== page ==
About halfway down Hill Lane, at the south end of Southampton Common, is Southampton Old Cemetery. It was one of England’s earliest municipal cemeteries, established by the Southampton Cemetery Act of 1843, and covers 27 acres. Although a team of council workers is generally at work somewhere in the grounds, nature has pretty much been allowed to have its way and, as I said in the previous post, so many trees have grown to full height -- including giant redwood conifers and monkey-puzzle trees -- that the crowded, tilted and tumbled gravestones appear to be a species of undergrowth in a forest.
I ended up in there on my May Day walk. It's always something of a personal dare, for me, to enter a graveyard, on two levels.
First, I am immediately rendered into an 8-year-old trespasser, as primed to be spooked as the audience of a horror film. I was raised as a sort of Baptist-agnostic in a town without much history, where the few conventional graveyards belonged to rural Anglican churches swallowed up by the new-build estates, and thus represented an older, alien way of death. The clean, modern way of "disposal" was cremation, of course, and a dank, overgrown bit of ground containing actual bodies (or more probably, and worse, skellingtons) seemed to exhale infection and spiritual danger. There were other dangers, too; a boy was caned in front of our school morning assembly for taking green marble chippings from a grave, and distributing them in the playground. We just didn't know how to behave around dead folk, and it was best simply to leave them alone.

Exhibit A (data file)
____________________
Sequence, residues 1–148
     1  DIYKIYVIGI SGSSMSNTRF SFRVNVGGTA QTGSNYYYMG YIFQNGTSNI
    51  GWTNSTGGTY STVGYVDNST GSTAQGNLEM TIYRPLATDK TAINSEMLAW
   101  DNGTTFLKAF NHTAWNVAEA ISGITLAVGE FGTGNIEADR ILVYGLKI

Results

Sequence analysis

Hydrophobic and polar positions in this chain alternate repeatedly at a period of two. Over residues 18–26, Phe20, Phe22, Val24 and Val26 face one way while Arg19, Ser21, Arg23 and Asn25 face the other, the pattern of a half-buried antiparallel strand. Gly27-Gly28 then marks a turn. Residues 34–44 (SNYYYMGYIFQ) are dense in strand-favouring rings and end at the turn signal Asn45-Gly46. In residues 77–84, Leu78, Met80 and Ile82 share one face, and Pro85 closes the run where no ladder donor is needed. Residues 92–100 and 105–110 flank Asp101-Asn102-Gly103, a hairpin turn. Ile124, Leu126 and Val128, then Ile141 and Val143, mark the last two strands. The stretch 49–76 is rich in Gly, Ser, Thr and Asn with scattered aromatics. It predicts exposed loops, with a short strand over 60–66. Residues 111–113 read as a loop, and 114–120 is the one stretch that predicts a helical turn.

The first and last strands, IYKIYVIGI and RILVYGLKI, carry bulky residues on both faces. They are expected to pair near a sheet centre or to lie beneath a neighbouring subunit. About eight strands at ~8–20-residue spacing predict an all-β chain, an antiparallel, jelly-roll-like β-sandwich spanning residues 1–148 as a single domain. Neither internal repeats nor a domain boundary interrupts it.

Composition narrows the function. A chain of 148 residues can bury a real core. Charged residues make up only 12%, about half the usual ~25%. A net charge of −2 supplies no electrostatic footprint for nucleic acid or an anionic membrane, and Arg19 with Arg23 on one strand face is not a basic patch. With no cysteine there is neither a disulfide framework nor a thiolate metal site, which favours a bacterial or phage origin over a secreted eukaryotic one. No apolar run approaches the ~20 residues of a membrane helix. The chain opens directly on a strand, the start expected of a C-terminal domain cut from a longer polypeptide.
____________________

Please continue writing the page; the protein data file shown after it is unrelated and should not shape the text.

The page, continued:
Second, I am acutely aware, surrounded by all those ranks of headstones, and all those picturesque monuments, and all those fading inscriptions, of the way generation after generation of amateur photographers have come here in search of clichés. I tell you, it takes courage merely to raise a camera. But I have a blog to feed, and an invincible belief in my own capacity to enter into the Valley of the Shadow of Death and emerge unscathed and with a decent set of snaps.
That second one gave me a bit of a start. What my presbyopic vision took for a grinning Hallowe'en-style pumpkin skull turned out to be merely an eroded "lamb and flag". Phew. I knew that. The first one has a bit of a mocking monkey face on it, too, if you're that way inclined. Paranoia? Paranormal? No, pareidolia!